This example doesn't demonstrate a specific statistical test. Instead, it demonstrate how data can be used to answer a hotly contested question: Are certain media outlets biased?
How can we answer this? Charlie Smart, working for The Pudding, addressed this question via content analysis. Here is how he did it:
And here are some of their findings:
|Yes, Fox News was talking about the Clintons a lot.|
|While over at MSNBC, they discussed the investigation into Russia and the 2016 elections ore frequently.|
|While kneeling during the anthem was featured on all networks, it was featured most frequently on Fox|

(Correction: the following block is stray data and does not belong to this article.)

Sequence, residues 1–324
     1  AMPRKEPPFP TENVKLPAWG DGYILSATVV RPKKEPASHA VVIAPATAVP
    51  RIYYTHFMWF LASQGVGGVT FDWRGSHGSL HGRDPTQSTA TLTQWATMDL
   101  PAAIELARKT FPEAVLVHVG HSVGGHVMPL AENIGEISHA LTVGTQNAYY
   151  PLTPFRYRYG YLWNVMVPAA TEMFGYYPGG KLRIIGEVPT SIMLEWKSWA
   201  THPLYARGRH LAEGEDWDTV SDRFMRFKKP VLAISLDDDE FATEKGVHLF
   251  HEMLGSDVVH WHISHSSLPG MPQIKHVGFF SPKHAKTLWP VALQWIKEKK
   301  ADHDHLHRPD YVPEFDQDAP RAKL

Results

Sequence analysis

|And context matters. What words are associated with "dossier"?|
|How do the different networks contextualize President Trump's tweets?|
Another reason I like this example: It points out the trends for the three big networks. So, we aren't a bunch of Marxist professors ragging on FOX, and we aren't a bunch of Fake Newsers ragging on MSNBC: We can dispassionately look at the trends present across the spectrum. I think this is important in diverse classrooms with diverse opinions.
I think this example also shows some really good visualizations for different sorts of data, allowing users to easily comprehend trend across time, comparisons among the three networks, etc.